ISO is not important with digital photography. With almost any digital camera made over the last five years, the difference in "digital noise" (which is the digital equivalent of film grain) is almost unnoticeable with ISO 400 and below.
Yes, if you closely study side-by-side comparisons, you will notice a little more digital noise with each increase in ISO. However, unless you are making poster-sized prints, you will not be able to perceive a difference without close comparisons. And even at poster-size, an increase of one ISO (for example, ISO 50 to ISO 100) will not be noticeable.
That is why I typically use ISO 200 when I can. You cannot tell the difference between it and ISO 100 whatsoever. Even with a close side-by-side comparison, it's very difficult to tell any change in digital noise. Camera manufacturers have done a great job of minimizing noise with low and medium ISOs.
Once you reach ISO 800 you can start to tell a difference. Still, if you only enlarge the image to 8" x 10" (or 8" x 12"), the difference in digital noise between ISO 800 and the lower ISOs will be very difficult (if not impossible) to notice without close study.
The digital noise at ISO 1600 and above seems quite noticeable. Unless you want a "grainy" image (for example, increase the drama in a black-and-white photograph), these higher ISOs should be avoided if you can help it. However, if the print will not be larger than 5"x 7", you probably can't tell the difference between ISO 100 and ISO 1600 without a close study. Even an 8" x 10" print will show very little difference between ISO 100 and ISO 1600, although the ISO 1600 print may come across to some critics (such as yourself) as "just a little too noisy".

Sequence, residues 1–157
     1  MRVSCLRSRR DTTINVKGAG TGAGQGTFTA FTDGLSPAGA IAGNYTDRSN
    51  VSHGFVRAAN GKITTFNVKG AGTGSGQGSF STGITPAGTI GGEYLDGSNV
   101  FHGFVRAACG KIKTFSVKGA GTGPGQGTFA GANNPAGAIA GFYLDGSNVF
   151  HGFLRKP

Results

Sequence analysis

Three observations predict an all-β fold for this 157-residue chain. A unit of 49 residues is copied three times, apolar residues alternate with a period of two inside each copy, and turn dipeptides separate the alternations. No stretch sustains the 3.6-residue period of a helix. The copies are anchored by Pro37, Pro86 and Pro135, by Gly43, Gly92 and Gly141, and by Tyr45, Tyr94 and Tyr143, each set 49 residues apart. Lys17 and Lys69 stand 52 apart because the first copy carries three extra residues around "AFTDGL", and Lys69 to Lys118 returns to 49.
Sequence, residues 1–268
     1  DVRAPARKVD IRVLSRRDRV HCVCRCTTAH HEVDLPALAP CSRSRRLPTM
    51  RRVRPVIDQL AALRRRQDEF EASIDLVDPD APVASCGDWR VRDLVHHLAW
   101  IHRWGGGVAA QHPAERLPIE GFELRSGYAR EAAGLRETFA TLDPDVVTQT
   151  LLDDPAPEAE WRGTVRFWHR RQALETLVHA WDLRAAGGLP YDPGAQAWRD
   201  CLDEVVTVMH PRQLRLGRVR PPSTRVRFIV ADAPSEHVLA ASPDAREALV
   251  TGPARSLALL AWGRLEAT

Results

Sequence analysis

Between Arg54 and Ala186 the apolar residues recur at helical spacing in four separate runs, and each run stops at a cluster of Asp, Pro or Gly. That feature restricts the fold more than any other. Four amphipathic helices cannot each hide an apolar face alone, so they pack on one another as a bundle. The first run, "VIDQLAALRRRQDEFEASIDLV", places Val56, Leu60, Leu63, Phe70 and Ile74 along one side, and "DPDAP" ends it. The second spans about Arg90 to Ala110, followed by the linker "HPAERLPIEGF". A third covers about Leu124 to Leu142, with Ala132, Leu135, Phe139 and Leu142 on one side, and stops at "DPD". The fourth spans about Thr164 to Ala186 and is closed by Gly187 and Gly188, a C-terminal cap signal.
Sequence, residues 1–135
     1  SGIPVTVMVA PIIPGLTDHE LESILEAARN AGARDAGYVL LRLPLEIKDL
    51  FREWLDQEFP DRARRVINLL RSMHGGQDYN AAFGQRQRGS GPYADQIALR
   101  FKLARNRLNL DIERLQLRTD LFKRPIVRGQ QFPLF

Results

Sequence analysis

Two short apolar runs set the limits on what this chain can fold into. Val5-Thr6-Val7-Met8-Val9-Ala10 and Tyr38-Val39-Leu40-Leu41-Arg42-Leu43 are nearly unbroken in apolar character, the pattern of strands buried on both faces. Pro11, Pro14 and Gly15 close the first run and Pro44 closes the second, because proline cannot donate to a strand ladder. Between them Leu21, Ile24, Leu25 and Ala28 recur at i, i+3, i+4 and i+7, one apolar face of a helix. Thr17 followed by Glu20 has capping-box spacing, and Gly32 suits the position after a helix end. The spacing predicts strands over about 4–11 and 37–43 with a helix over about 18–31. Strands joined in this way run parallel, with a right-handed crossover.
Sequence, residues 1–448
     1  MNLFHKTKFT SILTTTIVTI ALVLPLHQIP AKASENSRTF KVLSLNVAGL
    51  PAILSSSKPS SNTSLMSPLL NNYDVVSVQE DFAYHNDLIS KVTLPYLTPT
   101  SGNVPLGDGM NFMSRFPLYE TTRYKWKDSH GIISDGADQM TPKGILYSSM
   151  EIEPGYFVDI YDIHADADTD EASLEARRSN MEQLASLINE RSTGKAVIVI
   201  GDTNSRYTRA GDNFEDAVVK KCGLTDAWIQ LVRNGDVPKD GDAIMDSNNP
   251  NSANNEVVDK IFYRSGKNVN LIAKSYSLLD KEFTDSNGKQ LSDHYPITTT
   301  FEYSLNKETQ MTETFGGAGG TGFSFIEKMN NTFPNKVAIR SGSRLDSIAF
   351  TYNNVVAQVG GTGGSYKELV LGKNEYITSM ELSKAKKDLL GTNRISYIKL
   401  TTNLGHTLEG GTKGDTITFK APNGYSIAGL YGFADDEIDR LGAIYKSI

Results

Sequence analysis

ISO 6400 and above is unusable, unless you are purposely wanting an image with tons of digital noise, or the print will never be larger than 4" x 6".
All of that is to say that with digital photography, aperture and shutter speed are more important than ISO. Worry more about getting the depth-of-field you want and motion you want. Try to keep the ISO at 400 or less (unless you are trying to get digital noise for effect), but know that it may not make a difference up to ISO 1600, depending on how large the print will be.